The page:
State-level police units created after the 2020 US presidential election to investigate possible voter fraud are investigating separate complaints more than two weeks after the midterm elections, but have shown no signs of systemic problems.
Election experts had predicted just that, and prompted critics to suggest that the goal of the new units was more political than addressing widespread abuse. Most vote-related fraud cases are investigated and prosecuted at the local level.
Florida, Georgia and Virginia created special units at the state level following the 2020 elections, all headed by a Republican governor, legislature or attorney general.
“I don’t know of any significant detection of fraud on Election Day, but that’s not surprising,” said Paul Smith, senior vice president of the Campaign Legal Center, a nonpartisan group that works to advance democracy. wants to “The whole concept of voter impersonation fraud is a terrible problem. It doesn’t change the outcome of an election, it’s a serious crime, you risk being imprisoned and you have a high chance of being caught by surprise. It’s a rare occurrence.”
The absence of widespread fraud is significant because the lies surrounding the 2020 presidential election spread by former President Donald Trump and his allies have penetrated deep into the Republican Party and eroded trust in the election. In this year’s election race, 45% of Republicans had little or no confidence that the votes would be counted accurately.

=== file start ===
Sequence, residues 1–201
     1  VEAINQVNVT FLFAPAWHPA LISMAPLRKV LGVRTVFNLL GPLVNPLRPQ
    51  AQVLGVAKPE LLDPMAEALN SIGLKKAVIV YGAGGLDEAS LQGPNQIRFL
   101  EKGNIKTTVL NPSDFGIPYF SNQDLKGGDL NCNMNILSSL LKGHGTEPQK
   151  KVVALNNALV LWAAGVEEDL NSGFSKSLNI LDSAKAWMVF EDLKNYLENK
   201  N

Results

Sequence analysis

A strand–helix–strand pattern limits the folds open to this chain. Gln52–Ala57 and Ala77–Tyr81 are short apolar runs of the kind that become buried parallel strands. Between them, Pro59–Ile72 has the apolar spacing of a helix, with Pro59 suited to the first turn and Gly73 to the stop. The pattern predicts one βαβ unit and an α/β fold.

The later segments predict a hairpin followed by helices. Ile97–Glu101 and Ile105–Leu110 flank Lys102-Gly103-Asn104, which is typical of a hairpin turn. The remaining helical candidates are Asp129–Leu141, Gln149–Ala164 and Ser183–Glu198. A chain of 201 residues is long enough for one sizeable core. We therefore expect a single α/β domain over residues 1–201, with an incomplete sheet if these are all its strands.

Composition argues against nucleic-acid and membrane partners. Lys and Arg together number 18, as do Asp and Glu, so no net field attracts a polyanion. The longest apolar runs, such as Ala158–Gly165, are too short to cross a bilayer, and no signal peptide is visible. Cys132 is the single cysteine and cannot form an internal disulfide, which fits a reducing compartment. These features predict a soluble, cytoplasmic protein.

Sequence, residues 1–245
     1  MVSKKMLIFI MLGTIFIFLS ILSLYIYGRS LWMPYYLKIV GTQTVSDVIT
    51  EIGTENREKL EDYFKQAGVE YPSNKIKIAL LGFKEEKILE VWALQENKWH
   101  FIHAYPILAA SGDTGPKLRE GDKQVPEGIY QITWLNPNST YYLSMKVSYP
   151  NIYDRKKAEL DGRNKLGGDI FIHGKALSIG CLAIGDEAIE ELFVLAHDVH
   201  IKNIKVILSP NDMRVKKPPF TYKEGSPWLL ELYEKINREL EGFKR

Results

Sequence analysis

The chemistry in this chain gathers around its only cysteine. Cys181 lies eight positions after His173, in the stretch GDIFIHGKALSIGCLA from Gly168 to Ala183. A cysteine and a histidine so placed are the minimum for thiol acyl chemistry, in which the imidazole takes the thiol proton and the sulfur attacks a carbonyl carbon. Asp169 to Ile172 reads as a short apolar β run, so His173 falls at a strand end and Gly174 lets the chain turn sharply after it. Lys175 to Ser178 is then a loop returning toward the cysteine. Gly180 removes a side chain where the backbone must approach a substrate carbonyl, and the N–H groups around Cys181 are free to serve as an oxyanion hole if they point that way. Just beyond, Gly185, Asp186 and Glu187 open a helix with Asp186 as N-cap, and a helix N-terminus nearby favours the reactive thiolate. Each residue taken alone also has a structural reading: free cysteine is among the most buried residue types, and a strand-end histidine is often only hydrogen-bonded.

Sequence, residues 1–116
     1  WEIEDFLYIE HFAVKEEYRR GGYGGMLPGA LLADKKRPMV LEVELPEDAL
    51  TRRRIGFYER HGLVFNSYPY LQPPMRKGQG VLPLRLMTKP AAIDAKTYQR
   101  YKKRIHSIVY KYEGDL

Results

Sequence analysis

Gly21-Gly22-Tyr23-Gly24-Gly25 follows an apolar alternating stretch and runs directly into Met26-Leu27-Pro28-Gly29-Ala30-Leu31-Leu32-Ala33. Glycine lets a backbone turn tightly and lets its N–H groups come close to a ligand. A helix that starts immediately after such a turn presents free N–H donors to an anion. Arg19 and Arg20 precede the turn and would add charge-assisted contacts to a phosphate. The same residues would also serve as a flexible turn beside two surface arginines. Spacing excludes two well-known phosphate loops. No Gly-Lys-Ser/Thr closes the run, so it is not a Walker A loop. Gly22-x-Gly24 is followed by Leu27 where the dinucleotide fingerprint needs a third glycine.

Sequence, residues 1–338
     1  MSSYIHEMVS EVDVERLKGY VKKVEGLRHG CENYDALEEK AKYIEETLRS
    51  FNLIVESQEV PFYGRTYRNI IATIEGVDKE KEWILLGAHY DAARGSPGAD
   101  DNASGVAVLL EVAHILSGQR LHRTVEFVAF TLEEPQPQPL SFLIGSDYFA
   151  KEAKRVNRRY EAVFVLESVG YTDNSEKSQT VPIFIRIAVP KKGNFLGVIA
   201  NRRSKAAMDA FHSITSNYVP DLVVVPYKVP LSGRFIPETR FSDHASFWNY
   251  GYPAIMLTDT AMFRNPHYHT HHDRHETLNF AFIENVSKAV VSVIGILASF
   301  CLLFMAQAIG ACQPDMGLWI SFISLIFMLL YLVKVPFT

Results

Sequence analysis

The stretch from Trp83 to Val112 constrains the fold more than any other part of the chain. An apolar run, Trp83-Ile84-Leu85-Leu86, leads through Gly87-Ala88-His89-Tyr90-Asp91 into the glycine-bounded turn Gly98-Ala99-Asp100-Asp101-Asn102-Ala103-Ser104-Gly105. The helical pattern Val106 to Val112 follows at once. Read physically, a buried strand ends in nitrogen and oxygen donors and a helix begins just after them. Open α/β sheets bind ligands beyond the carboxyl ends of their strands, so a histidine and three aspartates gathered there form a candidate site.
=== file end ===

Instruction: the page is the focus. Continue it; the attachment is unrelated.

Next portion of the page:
An Associated Press investigation found no widespread fraud occurred in Georgia or five other closely fought states in which Trump contested his 2020 defeat, and there is no evidence of it so far in this year’s election. The verification of results is going on smoothly in most of the states with few complaints.
In Georgia, where Trump tried to pressure state officials to “find” enough votes to reverse his defeat, a new law allows the state’s top law enforcement agency, the Georgia Bureau of Investigation, to investigate alleged vote fraud without a request. Empowers to initiate investigation. by election officials. The alleged violation must be so significant as to modify or cast doubt on the result of an election.
GBI spokeswoman Nellie Miles said the agency has not opened an investigation under the law. The GBI is supporting the secretary of state’s office in investigating voting equipment violations in Coffee County in 2021, but this is the most recent investigation into voter fraud, it said in an email.
The breach, which came to light earlier this year, involved local officials in a county that voted for Trump by nearly 40 percentage points in 2020 and some of the former president’s key supporters.